Some examples:

Chronic Inflammation: The Bad Side of Inflammation

In chronic inflammation, the inflammatory response is out of proportion to the threat it is faced with or is directed against inappropriate targets. In the first case, the result can be more damage to the body than the agent itself would have produced.

Allergies and Autoimmune Diseases

are examples of inflammation in response to what should have been a harmless agent.

Some examples:

In many of these cases, the problem is made worse by the formation of antibodies against The antibodies complex with the antigens triggering the complement system with all its mediators of inflammation.

The result: immune complex disorders.

Link to a discussion of several immune complex disorders.

Treating Inflammation

Inappropriate inflammation can be treated with

NonSteroidal Anti-Inflammatory Drugs (NSAIDs)

The NSAIDs achieve their effects by blocking the activity of cyclooxygenases.

The body produces two different forms of cyclooxygenase: In addition to reducing the fever and pain of inflammation, NSAIDs also inhibit clotting. They do this by interfering with the synthesis of thromboxane A2 in platelets. This is the reason that But regular use of NSAIDs has a downside: a tendency to develop ulcers in the stomach and duodenum.

Most of the NSAIDs inhibit both COX-1 and COX-2. However, some newer drugs, the so-called COX-2 inhibitors, such as

are much more active against COX-2 than COX-1.

COX-2 inhibitors are effective against inflammation and avoid damage to the GI tract. But, unfortunately, they increase the risk of blood clots — which can cause heart attacks and strokes — because they do not block the synthesis of thromboxane A2 by platelets (which contain only COX-1). So people depending on NSAIDs for their heart protective effects must monitor any use of COX-2 inhibitors carefully.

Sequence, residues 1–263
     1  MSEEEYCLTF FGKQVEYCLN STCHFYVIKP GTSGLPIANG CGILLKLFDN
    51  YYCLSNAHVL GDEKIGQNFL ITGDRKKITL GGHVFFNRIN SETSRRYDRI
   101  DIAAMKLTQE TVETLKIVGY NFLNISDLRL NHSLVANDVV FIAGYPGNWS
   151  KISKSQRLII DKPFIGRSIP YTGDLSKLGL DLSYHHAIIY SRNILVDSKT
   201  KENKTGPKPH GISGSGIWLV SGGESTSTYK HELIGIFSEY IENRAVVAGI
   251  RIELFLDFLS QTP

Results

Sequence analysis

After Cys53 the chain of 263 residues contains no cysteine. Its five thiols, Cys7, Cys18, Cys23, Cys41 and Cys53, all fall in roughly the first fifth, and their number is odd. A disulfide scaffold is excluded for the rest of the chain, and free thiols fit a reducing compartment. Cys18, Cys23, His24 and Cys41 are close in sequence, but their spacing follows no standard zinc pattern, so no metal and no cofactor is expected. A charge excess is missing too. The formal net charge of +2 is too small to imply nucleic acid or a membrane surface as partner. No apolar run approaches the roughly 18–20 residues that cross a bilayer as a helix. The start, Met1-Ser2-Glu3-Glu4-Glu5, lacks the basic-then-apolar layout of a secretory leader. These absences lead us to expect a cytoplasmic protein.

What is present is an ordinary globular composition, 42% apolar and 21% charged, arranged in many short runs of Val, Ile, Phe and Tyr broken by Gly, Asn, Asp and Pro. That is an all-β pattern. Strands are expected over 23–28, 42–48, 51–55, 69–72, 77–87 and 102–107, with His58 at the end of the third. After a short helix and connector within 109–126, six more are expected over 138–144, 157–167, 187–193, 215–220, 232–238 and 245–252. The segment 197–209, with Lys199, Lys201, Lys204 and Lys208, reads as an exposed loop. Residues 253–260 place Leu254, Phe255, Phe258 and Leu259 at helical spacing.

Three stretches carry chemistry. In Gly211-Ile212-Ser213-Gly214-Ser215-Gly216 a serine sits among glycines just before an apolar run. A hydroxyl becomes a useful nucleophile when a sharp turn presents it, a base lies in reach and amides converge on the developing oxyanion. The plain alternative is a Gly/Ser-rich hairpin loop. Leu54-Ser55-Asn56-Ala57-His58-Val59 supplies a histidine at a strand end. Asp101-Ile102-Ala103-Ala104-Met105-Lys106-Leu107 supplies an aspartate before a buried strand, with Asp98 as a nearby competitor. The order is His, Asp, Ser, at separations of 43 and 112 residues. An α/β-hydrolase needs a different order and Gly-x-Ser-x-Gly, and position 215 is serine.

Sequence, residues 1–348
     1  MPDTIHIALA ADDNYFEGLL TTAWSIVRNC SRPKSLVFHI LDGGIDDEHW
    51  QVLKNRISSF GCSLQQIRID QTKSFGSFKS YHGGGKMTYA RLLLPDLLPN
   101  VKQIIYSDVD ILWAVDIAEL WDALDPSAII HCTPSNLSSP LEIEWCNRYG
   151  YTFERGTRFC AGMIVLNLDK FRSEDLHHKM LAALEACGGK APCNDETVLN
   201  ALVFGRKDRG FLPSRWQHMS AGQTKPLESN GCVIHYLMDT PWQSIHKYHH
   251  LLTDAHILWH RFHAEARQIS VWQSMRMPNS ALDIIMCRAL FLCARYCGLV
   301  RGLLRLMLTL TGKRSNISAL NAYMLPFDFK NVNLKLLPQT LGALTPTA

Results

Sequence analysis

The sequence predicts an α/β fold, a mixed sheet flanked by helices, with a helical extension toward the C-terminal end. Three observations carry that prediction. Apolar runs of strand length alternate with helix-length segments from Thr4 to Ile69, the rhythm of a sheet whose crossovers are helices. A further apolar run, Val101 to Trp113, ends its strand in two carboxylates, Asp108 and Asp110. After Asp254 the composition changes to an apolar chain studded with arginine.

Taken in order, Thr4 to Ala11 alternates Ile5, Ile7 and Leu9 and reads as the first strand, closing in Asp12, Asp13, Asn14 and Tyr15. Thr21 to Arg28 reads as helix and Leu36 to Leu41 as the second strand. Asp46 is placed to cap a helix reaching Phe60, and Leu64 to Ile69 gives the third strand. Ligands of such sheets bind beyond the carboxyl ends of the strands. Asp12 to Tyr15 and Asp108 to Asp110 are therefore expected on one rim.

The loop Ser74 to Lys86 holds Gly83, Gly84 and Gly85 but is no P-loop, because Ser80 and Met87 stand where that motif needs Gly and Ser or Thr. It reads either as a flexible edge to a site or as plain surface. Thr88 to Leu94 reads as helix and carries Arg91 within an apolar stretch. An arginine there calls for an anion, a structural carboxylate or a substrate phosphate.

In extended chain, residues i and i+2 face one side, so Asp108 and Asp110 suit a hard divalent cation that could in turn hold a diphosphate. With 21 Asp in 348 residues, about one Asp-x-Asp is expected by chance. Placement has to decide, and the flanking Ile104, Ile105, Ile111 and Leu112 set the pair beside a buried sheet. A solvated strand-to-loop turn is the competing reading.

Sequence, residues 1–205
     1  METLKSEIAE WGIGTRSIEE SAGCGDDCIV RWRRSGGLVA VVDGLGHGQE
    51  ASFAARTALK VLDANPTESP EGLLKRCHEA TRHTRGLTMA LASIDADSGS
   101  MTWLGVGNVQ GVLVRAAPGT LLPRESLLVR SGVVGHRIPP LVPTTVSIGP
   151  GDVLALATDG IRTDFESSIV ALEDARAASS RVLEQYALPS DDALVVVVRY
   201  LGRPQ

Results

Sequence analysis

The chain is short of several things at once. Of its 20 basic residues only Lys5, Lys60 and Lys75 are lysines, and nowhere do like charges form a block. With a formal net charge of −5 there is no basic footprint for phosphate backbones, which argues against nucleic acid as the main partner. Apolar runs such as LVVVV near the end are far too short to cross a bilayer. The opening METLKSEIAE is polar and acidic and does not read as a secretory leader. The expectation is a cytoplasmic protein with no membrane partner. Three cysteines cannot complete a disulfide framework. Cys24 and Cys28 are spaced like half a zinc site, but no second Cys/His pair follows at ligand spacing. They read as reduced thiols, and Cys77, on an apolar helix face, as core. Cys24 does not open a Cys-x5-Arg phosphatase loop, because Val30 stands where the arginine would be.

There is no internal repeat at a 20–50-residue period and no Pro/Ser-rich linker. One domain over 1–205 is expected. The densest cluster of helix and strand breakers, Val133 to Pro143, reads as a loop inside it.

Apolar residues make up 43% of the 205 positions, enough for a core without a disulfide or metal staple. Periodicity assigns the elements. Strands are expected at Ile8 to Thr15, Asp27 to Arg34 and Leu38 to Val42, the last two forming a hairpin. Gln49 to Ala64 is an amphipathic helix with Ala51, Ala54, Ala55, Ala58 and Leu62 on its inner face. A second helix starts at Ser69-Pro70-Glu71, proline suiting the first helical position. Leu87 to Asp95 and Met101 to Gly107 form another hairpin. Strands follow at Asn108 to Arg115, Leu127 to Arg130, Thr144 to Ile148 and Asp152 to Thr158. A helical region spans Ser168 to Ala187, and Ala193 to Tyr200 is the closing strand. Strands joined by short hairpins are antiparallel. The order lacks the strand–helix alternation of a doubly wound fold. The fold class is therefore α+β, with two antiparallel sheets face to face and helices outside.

In fact, because of the increased risk of heart attacks and strokes, the manufacturer of Vioxx® removed it from the market on 30 September 2004.

Therapeutic Proteins

Recombinant DNA and monoclonal antibody technology have produced some new therapies that are being enlisted in the battle against damaging inflammation.

In fact, all the more powerful anti-inflammatory agents (e.g., glucocorticoids) increase the risk of infection.

Sepsis and Septic Shock

On occasions, for reasons that are not entirely clear, the inflammatory response — usually to an infection by lipopolysaccharide (LPS)-bearing Gram-negative bacteria — spirals out of control progressing until it involves the entire body. This life-threatening development is called sepsis.

The circulatory system loses its integrity: If these responses are massive, they can lead to septic shock

Toxic Shock Syndrome

Some Gram-positive cocci can produce a similar condition, but here the eliciting agent is not LPS but a toxin liberated by the bacteria.

In theory, anti-inflammatory agents should be useful in combating sepsis. But so far, only recombinant protein C has shown any promise (by inhibiting the formation of thrombin), and severe bleeding is a dangerous side-effect.

Inflammation and Cancer

Chronic inflammation is also a frequent cause of cancer.

Read more in Bruce Ames's The Causes and Prevention of Cancer
The strong link between chronic inflammation and cancer should not be surprising when you consider that
Two Related Links:
Allergies and inflammation
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9 November 2013